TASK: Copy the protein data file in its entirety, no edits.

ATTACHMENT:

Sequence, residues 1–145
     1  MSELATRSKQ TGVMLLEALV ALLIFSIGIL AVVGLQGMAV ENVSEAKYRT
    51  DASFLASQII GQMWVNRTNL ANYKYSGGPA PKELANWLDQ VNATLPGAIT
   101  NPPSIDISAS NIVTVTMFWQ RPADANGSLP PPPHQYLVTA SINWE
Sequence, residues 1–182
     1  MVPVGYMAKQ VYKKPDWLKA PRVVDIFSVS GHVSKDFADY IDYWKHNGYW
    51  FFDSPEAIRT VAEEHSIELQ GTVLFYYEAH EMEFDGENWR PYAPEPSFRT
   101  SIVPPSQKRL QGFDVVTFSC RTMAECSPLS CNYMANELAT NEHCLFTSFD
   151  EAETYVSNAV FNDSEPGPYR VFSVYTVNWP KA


Sequence, residues 1–145
     1  MSELATRSKQ TGVMLLEALV ALLIFSIGIL AVVGLQGMAV ENVSEAKYRT
    51  DASFLASQII GQMWVNRTNL ANYKYSGGPA PKELANWLDQ VNATLPGAIT
   101  NPPSIDISAS NIVTVTMFWQ RPADANGSLP PPPHQYLVTA SINWE
Sequence, residues 1–182
     1  MVPVGYMAKQ VYKKPDWLKA PRVVDIFSVS GHVSKDFADY IDYWKHNGYW
    51  FFDSPEAIRT VAEEHSIELQ GTVLFYYEAH EMEFDGENWR PYAPEPSFRT
   101  SIVPPSQKRL QGFDVVTFSC RTMAECSPLS CNYMANELAT NEHCLFTSFD
   151  EAETYVSNAV FNDSEPGPYR VFSVYTVNWP KA